Are the Boycotters of Israel Violating International Law?

The world is now aware of the bias and bigotry of Oxfam International in objecting to Scarlett Johansson’s decision to become a spokesperson for the Israeli company SodaStream because of the company’s factory in an Israeli settlement town.  Oxfam considers Israeli settlements illegal and thus in violation of international law.  In addition to its support of a boycott of trade with Israeli settlements, Oxfam has not adhered to a policy of neutrality in the Middle East.  It has issued statements calling on Israel to end its supposed restrictions – i.e., checkpoints and roadblocks – on free movement of people and goods in the West Bank.

An important question now is whether Oxfam International can claim to come to the Middle East table with its moral righteousness intact.  Certainly its declared neutrality in the conflict between Israel and Palestinians can be challenged by knowledge of the activity of some of its affiliates.  One example of partisan activity is that the Dutch-branch Oxfam Novib and Oxfam GB are reported to have given $500,000 to the Coalition of Women for Peace, which is a fervent advocate of boycott of Israel.

The world may now be aware, through a report of the Shurat HaDin (Israel Law Center) that Oxfam is itself indirectly involved with terrorist groups that have been declared illegal according to both international law and the laws of the U.S., the U.K., the European Union, and Canada.  As a result, Oxfam, which has deceived itself in believing that it is taking a moral position to boycott trade with Israel, may be liable to criminal and civil prosecution.

The problem for Oxfam relates to its involvement with two Palestinian organizations that have had, and probably still have, close connections with the Palestinian Front for the Liberation of Palestine (PFLP).  Oxfam has provided financial and other assistance to those two bodies – the Union of Agricultural Workers Committees (UAWC) in Gaza and the Union of Health Workers Committees (UHWC).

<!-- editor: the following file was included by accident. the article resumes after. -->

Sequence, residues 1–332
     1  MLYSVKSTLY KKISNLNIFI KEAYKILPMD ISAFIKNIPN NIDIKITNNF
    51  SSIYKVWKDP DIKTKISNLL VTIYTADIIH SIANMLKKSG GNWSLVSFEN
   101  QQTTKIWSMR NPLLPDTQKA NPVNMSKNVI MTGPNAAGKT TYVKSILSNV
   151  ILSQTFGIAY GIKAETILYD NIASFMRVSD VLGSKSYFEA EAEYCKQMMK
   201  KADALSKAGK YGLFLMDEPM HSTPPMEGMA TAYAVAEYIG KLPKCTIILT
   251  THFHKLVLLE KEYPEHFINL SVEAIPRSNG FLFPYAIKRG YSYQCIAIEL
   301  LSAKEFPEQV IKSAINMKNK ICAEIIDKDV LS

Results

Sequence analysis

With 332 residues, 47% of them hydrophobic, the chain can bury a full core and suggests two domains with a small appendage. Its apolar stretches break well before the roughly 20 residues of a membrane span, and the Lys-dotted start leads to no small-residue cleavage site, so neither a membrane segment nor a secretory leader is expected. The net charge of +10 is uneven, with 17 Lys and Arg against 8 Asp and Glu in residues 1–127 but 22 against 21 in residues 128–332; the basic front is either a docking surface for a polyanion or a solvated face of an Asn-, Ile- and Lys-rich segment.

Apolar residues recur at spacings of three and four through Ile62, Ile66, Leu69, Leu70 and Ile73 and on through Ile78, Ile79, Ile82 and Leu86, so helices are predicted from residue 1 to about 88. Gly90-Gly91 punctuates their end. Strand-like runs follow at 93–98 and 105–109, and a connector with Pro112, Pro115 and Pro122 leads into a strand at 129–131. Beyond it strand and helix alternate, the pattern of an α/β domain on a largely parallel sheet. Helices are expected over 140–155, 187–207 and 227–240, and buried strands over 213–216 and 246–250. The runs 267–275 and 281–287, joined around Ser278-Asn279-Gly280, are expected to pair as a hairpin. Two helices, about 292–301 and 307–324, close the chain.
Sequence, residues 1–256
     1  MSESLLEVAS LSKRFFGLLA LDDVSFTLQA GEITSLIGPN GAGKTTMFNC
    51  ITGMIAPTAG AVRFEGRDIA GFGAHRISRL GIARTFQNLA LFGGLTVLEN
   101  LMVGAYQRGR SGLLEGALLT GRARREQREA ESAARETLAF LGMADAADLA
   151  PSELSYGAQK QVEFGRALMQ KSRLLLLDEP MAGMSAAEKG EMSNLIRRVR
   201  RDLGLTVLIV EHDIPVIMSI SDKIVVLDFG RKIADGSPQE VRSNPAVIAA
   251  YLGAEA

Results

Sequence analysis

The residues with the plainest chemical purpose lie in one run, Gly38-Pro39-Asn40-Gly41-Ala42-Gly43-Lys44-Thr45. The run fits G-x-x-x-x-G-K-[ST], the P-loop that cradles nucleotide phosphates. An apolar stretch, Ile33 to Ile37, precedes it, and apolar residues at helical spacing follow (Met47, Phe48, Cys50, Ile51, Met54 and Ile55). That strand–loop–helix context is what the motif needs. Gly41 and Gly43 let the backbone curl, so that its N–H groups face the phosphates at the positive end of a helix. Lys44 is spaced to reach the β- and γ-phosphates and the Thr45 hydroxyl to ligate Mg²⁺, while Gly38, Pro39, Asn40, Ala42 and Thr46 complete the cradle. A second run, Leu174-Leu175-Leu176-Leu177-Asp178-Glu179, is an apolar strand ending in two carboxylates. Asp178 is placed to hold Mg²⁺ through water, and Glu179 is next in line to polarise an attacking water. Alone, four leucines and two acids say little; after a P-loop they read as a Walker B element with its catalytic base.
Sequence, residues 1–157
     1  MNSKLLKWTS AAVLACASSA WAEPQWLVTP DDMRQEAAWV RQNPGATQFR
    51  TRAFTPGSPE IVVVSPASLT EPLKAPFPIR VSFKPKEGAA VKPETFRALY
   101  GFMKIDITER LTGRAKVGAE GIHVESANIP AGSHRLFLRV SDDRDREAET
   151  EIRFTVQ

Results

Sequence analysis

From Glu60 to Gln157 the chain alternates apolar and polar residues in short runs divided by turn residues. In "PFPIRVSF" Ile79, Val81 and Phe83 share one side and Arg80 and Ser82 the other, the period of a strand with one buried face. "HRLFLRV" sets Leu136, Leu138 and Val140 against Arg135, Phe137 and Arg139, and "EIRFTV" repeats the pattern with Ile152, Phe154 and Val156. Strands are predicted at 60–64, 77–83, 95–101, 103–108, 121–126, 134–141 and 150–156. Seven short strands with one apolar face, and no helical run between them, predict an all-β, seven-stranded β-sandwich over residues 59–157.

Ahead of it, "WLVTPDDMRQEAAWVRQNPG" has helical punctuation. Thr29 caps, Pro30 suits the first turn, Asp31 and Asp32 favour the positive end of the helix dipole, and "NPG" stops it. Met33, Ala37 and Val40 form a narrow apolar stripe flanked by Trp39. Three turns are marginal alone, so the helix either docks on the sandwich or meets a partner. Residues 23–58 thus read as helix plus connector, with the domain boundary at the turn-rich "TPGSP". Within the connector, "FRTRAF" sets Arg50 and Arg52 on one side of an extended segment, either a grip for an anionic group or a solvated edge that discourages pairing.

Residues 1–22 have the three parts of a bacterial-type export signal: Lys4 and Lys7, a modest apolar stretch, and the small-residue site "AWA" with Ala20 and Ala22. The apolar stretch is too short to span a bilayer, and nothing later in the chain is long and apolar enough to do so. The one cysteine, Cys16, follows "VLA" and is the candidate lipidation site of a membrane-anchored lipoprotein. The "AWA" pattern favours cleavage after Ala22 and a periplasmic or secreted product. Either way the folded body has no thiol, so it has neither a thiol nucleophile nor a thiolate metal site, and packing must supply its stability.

The UHWC, founded in 1985, provides medical services to poor Palestinians.  The UAWC, founded in 1986, deals with land ownership and agricultural issues in the areas disputed between Israel and the Palestinians.  

No doubt these two groups do render some useful service to Palestinians.  The problem is that they admit they were founded and are staffed to a considerable degree by members of the PFLP, though they now deny any present connection.  Though the degree of interaction between the organizations and the PFLP is not altogether clear, at least publicly, the connections through people are evident.  

Dr. Ahmad Maslamani, who died in 2008, was a member of the Central Council of the PFLP, a so-called “national warrior” (AKA “terrorist”), and was also co-founder and the general director of UHWC.  Bashir al Kheiri (Bashir Khairy), who for a number of years was chairman of the Board of Directors of UAWC, was also the head of the PFLP’s political bureau in Ramallah.  He was involved in the Supersol supermarket bombing in Jerusalem on February 21, 1969.  Jamil Ismail is the vice president of UAWC and is a member of PFLP and the head of its political office in Gaza.  A number of other directors of UAWC, including its treasurer, are known to be members of PFLP.

The role of the PFLP in international terrorism is very familiar.  Founded in 1967 by George Habash, it defined itself as a Marxist-Leninist and Arab nationalist organization.  Its activities for 45 years have been negative, opposing any negotiated settlement with Israel and engaging in spectacular terrorist acts. These have included aircraft-hijacking, suicide-bombings, and assassination.

Among the best-known acts are the following : the murders by individuals recruited by the PFLP at Lod (now Ben Gurion) airport in Israel of 26 people, and another 80 injured on May 30 1972; the collaboration in the hijacking of the Air France plane en route from Paris to Athens in 1976 that landed in Entebbe, Uganda where the hostages were rescued by an Israeli commando raid; the assassination of Israeli Minister for Tourism Rehavam Zeevi on October 21, 2000; and the murder on March 11, 2011 of a family of five, including a three-month-old baby, in the settlement town of Itamar, Israel.  The most notorious figure related to PFLP was the murderer Carlos the Jackal, who joined it in 1970 and organized attacks on Western targets and also on OPEC headquarters in Vienna.  His explanation was that “we kill for a cause, the liberation of Palestine.”

There are two issues: the relation between the two Palestinian organizations and the PFLP and the link of Oxfam with them.  The first involves the problem of distinguishing between the military wing of a terrorist organization, such as the PFLP, and its front organizations that provide social and medical service.  The second is the degree to which Oxfam provides assistance and works closely with the two organizations.